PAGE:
I’ll be real with y’all, even though I’ve loved the concept of Timbaland and Swizz Beatz’s Verzuz series, I haven’t had the chance to check out most of them – especially the ones they stick on the weekdays.
Tim and Swizz, you’re targeting middle-aged music fans with these things called JOBS, we can’t party all night like we used to, playas.
But if you think I’m missing KEITH SWEAT VS BOBBY BROWN, you haven’t known me long enough. When the Verzuz battle was announced a few days ago, I got so many texts and emails within the span of 15 minutes I thought either someone got shot or someone got pregnant – the main reasons for Black mass communication.
Obviously, if you’ve spent 10 minutes on this site at any point in your life, you know whom I’m pulling for.
In fact, when this battle was speculated as a possible matchup months ago, I outright called it a mismatch. One guy has three decades of solo hits with countless writing and production credits under his belt; the other guy has three years of solo hits and some group stuff.
This is like the Hulk vs Professor Hulk.
But, as always, I pledge to be the most Unbiased R&B Reviewer on the Innanets, so in anticipation of the big matchup, let’s review Bobby Brown’s solo discography from bottom to top. This list will exclude his New Edition contributions (I already ranked those! See them here) and his multitude of remix albums and compilations. They’re … just the same songs anyway. This will be a fun project personally because I’m either hearing these albums for the the first time in decades or in some cases, for the first time ever. Let’s see how that perspective shapes them.
Bobby ain’t beating King Keef in a Verzuz, but credit when it’s due – when Bobby was on top, absolutely no one was higher.
5. The Masterpiece (2012)
Soul In Stereo rating: 1.5 stars out of 5
Edd said: A masterpiece, you say? Listen, I’ll give the brother some credit before loading the chopper – this was Bobby’s first album in 15 years and he was clearly trying to find himself in a R&B landscape that was drastically different than his last outing in 1997. While this one does have an strong overarching narrative of a man rebounding from years of turmoil he’s experienced, it’s SO unfocused sonically – weird synthy techno tracks, bizarre country/gospel blends and pseudo-Jason DeRulo throwaways that would have bored crowd even in 2012. There is literally one listenable track here, and Lord knows I hope Johnny Gill gets a yearly edible arrangement for doing the heavy lifting.
Forgotten favorites: “All is Fair”
4. Forever (1997)
Soul In Stereo rating: 3.5 stars out of 5
Edd said: Bobby was riding high after the celebrated New Edition reunion the year before but things infamously took a turn during the Home Again tour. This album was recorded following his departure and despite the constant drama, you can’t deny this man’s talent – Forever isn’t a bad LP. While the uptempos are forgettable, a strong selection of slow jams anchor this one, showcasing a strong evolution from his hyperactive New Jack Swing heyday. It has its flaws but is a very solid listen, maybe even a little underrated in the long run.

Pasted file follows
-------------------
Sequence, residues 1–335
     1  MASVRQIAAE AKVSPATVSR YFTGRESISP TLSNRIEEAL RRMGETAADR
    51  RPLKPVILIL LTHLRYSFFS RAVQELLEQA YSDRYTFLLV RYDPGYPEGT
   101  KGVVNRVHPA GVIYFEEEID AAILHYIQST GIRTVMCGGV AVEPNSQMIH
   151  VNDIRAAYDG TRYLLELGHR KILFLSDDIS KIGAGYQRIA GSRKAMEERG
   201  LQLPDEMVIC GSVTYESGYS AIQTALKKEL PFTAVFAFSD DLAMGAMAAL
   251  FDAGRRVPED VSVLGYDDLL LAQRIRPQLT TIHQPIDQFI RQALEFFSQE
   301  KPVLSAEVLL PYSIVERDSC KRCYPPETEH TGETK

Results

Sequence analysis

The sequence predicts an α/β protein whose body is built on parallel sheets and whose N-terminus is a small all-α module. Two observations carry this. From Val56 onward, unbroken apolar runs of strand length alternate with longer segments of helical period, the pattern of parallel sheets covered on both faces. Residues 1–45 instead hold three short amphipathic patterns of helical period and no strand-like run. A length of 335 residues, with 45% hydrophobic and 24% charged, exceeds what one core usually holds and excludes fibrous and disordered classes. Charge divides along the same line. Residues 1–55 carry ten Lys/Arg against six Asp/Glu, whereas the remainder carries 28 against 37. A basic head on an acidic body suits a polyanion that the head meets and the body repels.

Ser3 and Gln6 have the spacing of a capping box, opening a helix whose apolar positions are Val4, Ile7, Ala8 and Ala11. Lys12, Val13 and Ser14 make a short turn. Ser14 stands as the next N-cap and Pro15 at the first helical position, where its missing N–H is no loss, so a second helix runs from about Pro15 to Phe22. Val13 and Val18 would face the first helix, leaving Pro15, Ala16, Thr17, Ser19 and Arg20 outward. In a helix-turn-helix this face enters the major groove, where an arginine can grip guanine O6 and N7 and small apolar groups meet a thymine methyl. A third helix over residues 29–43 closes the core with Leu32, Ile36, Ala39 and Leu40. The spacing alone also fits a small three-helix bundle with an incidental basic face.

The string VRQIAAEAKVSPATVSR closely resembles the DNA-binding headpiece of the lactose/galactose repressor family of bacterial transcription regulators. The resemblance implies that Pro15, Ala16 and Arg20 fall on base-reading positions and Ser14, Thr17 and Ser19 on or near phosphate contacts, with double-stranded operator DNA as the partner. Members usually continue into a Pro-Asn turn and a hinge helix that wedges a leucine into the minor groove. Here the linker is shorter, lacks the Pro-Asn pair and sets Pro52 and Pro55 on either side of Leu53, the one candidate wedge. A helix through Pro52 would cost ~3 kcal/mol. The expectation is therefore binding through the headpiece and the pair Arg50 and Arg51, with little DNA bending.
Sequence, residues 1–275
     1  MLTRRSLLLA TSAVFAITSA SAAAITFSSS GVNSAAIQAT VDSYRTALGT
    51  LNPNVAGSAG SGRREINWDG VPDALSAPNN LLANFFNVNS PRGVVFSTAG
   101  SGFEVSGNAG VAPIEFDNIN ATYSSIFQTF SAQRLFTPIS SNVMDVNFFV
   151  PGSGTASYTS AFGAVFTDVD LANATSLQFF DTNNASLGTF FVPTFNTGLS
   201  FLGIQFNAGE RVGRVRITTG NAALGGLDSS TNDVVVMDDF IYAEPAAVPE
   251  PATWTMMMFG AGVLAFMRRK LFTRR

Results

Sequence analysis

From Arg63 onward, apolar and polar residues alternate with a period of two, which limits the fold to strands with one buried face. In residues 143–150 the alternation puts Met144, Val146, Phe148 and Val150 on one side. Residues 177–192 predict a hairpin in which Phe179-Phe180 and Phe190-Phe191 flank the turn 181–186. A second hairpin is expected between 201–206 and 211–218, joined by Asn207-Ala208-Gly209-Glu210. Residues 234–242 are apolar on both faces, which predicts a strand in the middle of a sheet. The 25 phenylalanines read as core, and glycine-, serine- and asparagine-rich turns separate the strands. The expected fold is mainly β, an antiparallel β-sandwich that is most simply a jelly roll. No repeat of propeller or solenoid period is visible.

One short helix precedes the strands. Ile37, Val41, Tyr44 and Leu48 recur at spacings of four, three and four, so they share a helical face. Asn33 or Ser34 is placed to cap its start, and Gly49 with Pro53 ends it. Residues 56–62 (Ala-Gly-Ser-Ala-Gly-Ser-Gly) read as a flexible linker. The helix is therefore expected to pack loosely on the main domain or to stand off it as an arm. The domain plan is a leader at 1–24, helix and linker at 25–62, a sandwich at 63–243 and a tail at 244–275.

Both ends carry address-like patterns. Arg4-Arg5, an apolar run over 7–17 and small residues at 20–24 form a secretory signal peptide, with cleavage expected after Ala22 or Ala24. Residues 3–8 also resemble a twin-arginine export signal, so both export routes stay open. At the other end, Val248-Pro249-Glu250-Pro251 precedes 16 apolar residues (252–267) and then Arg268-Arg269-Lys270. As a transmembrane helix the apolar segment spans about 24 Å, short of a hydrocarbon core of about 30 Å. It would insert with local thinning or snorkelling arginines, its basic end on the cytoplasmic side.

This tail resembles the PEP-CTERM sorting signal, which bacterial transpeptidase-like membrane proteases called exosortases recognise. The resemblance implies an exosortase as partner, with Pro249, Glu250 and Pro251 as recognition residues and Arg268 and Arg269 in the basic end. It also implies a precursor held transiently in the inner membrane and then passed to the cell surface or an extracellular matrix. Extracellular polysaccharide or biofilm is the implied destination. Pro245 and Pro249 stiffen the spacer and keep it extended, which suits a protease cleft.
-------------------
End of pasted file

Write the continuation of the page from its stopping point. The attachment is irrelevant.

Forgotten favorites: “My Place,” “Been Around the World,” “Forever”
3. King of Stage (1986)
Soul In Stereo rating: 3.5 stars out of 5
Edd said: Before Bobby Brown became BOBBY BROWN, I rocked heavy with King of Stage, which began his evolution from the tender New Edition kid to his own man. Bobby infamously was unhappy with the production on this one and I guess I can see why – it feels pretty standard for the era. That said, King of Stage might not have been groundbreaking but by no means is it generic. Bobby’s starpower is apparent, even among the more so-so offerings. It was a fun album for its time that mostly holds up today, but greater things obviously were on the way.
Forgotten favorites: “Spending Time,” “Love Obsession,” “Girl Next Door”
2. Bobby (1992)
Soul In Stereo rating: 4 stars out of 5
Edd said: After you drop an undisputed classic record, what can you possibly offer next? If you’re Bobby, that means throwing on your favorite backless leather shirt and walking around with your hat in your hand. Bobby doesn’t stray too far from the New Jack Swing sound of the era, and with Teddy Riley, Babyface, L.A. Reid, and Daryl Simmons on board, he was in good hands. Living up to his previous album was a nearly impossible task – this set isn’t nearly as air-tight as its predecessor, especially the uneven middle portion, but there are enough high-profile hits and memorable album cuts to make up the difference.
Forgotten favorites: “Storm Away,” “Pretty Little Girl,” “College Girl”
1. Don’t Be Cruel (1988)
Soul In Stereo rating: 5 stars out of 5
Edd said: Full disclosure: I’ve only heard this album once in my life, probably circa 1990 when my cousin had it on in the background. I thought it was just OK then. So in the years since, when scores of fans heralded it as one of the greatest R&B albums ever made, I scoffed. Even going into this list I expected to find it overrated by stan nostalgia.
But oh no. This one STILL lives up to decades of hype.
Don’t Be Cruel is Bobby Brown’s final form – the completed evolution from boy band to R&B’s bad boy. Sequentially, the first half of the album is second to none, a rapid fire selection of the biggest tracks of the era. And even though the second half slows down a bit, the quality remains stellar. It’s been called the best New Jack Swing album of all time – that might be a debate for another day but there’s no debate that it’s Bobby Brown’s greatest album ever.
Forgotten favorites: “I Really Love You Girl,” “All Day All Night,” “I’ll Be Good to You”
Which Bobby albums are your favorite? And who do you think comes out on top in the Verzuz battle? Let us know below.